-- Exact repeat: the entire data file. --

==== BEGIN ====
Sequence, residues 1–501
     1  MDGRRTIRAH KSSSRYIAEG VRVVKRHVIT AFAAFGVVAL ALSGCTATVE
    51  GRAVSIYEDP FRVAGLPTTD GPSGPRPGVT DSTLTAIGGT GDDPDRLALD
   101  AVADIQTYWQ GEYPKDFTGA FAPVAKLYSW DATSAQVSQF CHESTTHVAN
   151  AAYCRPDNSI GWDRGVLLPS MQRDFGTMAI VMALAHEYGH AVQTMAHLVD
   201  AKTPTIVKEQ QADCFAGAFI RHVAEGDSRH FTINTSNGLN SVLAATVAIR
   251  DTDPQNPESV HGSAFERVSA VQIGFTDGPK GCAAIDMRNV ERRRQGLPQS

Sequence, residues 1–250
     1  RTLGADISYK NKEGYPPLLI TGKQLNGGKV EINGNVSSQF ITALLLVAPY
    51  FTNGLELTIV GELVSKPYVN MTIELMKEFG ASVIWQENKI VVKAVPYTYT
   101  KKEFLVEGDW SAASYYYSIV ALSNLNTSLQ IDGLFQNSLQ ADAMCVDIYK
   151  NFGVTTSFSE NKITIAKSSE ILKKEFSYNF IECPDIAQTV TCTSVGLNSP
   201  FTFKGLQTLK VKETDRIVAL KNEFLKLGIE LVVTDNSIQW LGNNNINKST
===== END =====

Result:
Sequence, residues 1–501
     1  MDGRRTIRAH KSSSRYIAEG VRVVKRHVIT AFAAFGVVAL ALSGCTATVE
    51  GRAVSIYEDP FRVAGLPTTD GPSGPRPGVT DSTLTAIGGT GDDPDRLALD
   101  AVADIQTYWQ GEYPKDFTGA FAPVAKLYSW DATSAQVSQF CHESTTHVAN
   151  AAYCRPDNSI GWDRGVLLPS MQRDFGTMAI VMALAHEYGH AVQTMAHLVD
   201  AKTPTIVKEQ QADCFAGAFI RHVAEGDSRH FTINTSNGLN SVLAATVAIR
   251  DTDPQNPESV HGSAFERVSA VQIGFTDGPK GCAAIDMRNV ERRRQGLPQS

Sequence, residues 1–250
     1  RTLGADISYK NKEGYPPLLI TGKQLNGGKV EINGNVSSQF ITALLLVAPY
    51  FTNGLELTIV GELVSKPYVN MTIELMKEFG ASVIWQENKI VVKAVPYTYT
   101  KKEFLVEGDW SAASYYYSIV ALSNLNTSLQ IDGLFQNSLQ ADAMCVDIYK
   151  NFGVTTSFSE NKITIAKSSE ILKKEFSYNF IECPDIAQTV TCTSVGLNSP
   201  FTFKGLQTLK VKETDRIVAL KNEFLKLGIE LVVTDNSIQW LGNNNINKST